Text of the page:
Codling moth catch is increasing. The Enviroweather model biofix for codling moth was around May 1 for the region, but temperatures were too cold for mating flights. The warmer weather on May 15 and 16 was much better for flight and should be used as biofix for most areas. Egg hatch should begin this week. Fruits are big enough to now be a target for plum curculio.

Recent apple scab infection events have been few. Scab symptoms were detected over the past week. Scab ascospore catches are expected to be still significant for the next few weeks.

Pears are at approximately 15 millimeters diameter. Fruit thinning treatments were generally effective this past week. Pear fruit are generally too hard to be a target for first generation codling moth. Plum curculio and tarnished plant bug can target pears at this stage. Pear psylla populations are increasing. and scab is still a threat.

Small fruit

Grapes that were not impacted by the radiation freezes the first week of May have 10-18 inches of shoot growth and the flower clusters are expanded. Secondary shoots are beginning to grow on freeze damaged vines.

Wild grape bloom was seen in Berrien County, but is not yet widespread. Wild grape bloom is used as a biofix for grape berry moth. Scout for wild grape bloom on your farm. Biofix is when 50% of clusters are at 50% bloom. Grapes in good sites are getting close to bloom. Phomopsis and Black rot sprays are the focus just before bloom.

Blueberry bloom continues. Flowers are most susceptible to both mummy berry infection and pollination soon after opening and susceptibility declines after that. Towards the end of bloom, disease control refocuses on both mummy berry infections on late bloom and anthracnose infections to young green fruit. Applications of pesticides during bloom should be done in the early morning or at night when bees are unlikely to be foraging. Bees can carry pesticides back to the hive.

Examine fields for freeze injury from recent freezes. Freeze damage is spotty. Many fields look good but some have various levels of injury. In fields that did not run water to protect from freeze damage, the soils are extremely dry. Check the irrigation systems and water. Even with the rains coming up this week, the soils will still be in a deficit without supplemental water.

Using the Enviroweather model, cherry fruitworm biofix should have occurred last week, but no moths have been captured in monitoring traps yet. Cranberry fruitworm flight has begun. Male cranberry fruitworm were caught in traplines over the weekend. Biofix for these pests is first flight or trap catch. Management begins when egglaying begins, which is one to two weeks away.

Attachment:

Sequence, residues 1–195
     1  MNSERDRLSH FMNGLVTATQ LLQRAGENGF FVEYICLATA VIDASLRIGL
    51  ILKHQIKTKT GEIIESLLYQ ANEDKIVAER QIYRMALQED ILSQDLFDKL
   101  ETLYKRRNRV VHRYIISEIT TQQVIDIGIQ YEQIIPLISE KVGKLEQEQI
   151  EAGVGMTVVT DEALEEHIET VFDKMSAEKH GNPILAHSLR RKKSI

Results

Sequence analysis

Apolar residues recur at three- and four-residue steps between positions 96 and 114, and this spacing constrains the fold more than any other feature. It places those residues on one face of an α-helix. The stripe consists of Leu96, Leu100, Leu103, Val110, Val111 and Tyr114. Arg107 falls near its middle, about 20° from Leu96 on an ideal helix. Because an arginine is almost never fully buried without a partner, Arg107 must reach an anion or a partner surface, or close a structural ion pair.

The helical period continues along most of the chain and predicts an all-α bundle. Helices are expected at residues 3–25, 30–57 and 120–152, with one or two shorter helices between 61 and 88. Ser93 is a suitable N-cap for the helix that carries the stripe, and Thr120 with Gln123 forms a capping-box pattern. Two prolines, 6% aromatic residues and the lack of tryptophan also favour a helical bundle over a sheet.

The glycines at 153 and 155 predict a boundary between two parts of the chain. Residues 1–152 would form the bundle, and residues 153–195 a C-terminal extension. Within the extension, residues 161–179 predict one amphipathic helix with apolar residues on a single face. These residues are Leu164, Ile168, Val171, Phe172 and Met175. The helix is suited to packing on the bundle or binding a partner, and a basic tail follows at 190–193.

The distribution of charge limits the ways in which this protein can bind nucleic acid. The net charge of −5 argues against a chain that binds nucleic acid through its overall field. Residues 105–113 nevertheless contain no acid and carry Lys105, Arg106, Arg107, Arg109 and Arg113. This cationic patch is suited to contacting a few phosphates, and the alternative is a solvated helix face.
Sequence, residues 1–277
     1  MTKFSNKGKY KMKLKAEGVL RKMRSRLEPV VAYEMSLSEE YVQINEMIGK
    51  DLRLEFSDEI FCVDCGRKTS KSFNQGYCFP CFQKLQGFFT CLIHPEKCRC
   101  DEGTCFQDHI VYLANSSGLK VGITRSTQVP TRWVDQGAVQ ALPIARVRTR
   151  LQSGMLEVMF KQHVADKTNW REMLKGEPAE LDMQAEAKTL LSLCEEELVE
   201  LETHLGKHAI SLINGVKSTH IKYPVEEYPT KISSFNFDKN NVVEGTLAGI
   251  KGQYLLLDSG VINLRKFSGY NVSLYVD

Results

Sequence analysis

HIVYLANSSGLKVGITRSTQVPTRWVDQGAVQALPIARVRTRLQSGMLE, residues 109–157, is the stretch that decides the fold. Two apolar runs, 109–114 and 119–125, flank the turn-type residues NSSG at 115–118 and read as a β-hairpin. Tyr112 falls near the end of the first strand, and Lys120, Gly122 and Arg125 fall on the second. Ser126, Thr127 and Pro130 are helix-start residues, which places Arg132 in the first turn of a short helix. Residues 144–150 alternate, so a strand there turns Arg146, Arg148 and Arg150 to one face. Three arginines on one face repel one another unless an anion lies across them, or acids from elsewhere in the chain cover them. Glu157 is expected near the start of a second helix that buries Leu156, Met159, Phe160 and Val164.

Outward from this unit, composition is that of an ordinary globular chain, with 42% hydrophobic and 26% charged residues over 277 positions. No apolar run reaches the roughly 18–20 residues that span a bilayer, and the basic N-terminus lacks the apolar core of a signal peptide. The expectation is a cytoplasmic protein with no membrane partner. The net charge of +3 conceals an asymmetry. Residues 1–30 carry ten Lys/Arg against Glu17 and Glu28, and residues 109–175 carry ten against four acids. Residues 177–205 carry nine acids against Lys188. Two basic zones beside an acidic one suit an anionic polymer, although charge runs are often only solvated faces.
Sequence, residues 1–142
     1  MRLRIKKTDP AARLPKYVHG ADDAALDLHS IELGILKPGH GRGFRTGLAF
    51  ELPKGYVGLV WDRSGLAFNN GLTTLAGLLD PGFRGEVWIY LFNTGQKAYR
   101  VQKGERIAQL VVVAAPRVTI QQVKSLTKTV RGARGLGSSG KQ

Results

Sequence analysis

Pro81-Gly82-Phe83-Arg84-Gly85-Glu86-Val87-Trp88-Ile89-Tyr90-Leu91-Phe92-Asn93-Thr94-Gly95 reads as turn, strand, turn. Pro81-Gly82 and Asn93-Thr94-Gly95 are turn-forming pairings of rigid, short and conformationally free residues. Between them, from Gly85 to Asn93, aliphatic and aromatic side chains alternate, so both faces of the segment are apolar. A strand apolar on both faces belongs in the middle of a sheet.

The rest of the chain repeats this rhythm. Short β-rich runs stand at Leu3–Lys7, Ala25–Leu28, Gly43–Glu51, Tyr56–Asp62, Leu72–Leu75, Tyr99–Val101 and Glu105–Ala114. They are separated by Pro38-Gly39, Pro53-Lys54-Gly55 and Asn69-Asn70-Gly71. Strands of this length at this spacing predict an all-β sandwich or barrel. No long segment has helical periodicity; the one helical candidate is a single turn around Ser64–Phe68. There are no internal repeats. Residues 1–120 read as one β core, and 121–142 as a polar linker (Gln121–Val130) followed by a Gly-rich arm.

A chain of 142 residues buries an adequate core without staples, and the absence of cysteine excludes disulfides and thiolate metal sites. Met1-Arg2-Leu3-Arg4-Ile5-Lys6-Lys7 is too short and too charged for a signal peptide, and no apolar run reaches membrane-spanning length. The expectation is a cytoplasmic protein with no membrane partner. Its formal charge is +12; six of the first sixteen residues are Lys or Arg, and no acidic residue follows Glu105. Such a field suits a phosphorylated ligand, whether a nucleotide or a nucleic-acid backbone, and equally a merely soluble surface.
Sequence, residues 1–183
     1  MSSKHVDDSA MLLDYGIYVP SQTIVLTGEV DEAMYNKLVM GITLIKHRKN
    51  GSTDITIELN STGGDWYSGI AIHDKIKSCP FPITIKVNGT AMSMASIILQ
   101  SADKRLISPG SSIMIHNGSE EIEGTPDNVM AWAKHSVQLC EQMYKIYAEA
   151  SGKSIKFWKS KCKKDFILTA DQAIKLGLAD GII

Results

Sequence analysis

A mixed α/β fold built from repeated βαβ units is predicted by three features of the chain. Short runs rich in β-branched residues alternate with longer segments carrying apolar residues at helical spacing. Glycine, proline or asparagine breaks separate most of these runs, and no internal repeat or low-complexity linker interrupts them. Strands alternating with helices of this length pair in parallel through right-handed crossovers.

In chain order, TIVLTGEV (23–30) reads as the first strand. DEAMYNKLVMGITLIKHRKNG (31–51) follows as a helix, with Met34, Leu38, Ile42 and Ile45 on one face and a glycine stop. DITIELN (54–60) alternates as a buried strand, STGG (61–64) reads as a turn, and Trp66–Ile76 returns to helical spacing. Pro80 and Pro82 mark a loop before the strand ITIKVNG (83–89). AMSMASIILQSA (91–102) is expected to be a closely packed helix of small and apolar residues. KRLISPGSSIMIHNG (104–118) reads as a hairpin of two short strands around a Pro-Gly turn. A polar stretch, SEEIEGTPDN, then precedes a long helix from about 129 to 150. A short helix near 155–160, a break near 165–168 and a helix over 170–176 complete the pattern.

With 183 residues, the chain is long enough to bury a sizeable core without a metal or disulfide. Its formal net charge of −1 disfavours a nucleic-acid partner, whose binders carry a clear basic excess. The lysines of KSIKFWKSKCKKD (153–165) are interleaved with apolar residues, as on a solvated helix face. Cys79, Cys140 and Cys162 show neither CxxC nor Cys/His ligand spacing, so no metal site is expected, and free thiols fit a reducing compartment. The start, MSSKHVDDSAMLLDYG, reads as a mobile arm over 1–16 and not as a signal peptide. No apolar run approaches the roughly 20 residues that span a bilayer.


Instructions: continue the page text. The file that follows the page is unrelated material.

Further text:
Freeze damage to blueberries.
Freeze damage to blueberries is becoming easier to see. It is not widespread, but more common than initially expected. Developing buds are turning purple and wilting instead of opening up. Photo by Mike Reinke, MSU Extension.

Strawberry bloom continues. Fruits are developing. With bloom and bee activity, do not use insecticides. As bloom ends, consider sprays to protect against tarnished plant bug and flower thrips.

Bramble flower buds are expanding. Bloom has begun in some varieties. Scout for leaf feeding insects such as leafrollers and sawflies. Do not apply insecticides during bloom.

Brambles starting to bloom.
Early varieties of brambles are starting to bloom. At this time, try to avoid using insecticides or apply when bees are not active. Photo by Mike Reinke, MSU Extension.

Miscellaneous crops

Currant berries are sizing. Some varieties are almost full size.

Gooseberries are continuing to green up. Fruits are up to 10 millimeters in size.

Hops stringing is finishing. Training is continuing this week. With the dry soils, irrigation is being used to increase shoot length ahead of training.

Chestnut catkins are developing. Early leaves are full size.

Hazelnut shoots are continuing to lengthen. Early season leaf weevils create small holes in leaves this time of year. This can be an issue for young, first-year plantings, but not a concern for mature trees.

Pawpaw flowers are open. Leaves are continuing to emerge.

Upcoming meetings

Our regular Southwest Michigan Monday Fruit IPM Updates are available online. You need to register to receive the Zoom link and password for these meetings. The webinars are free and one pesticide applicator credit is available for each meeting. We had over 70 growers attending our Monday meetings last year.

A prebloom grape meeting is scheduled for Thursday, May 27, from 1 to 4 p.m. Register here. This meeting is good for three RUP credits.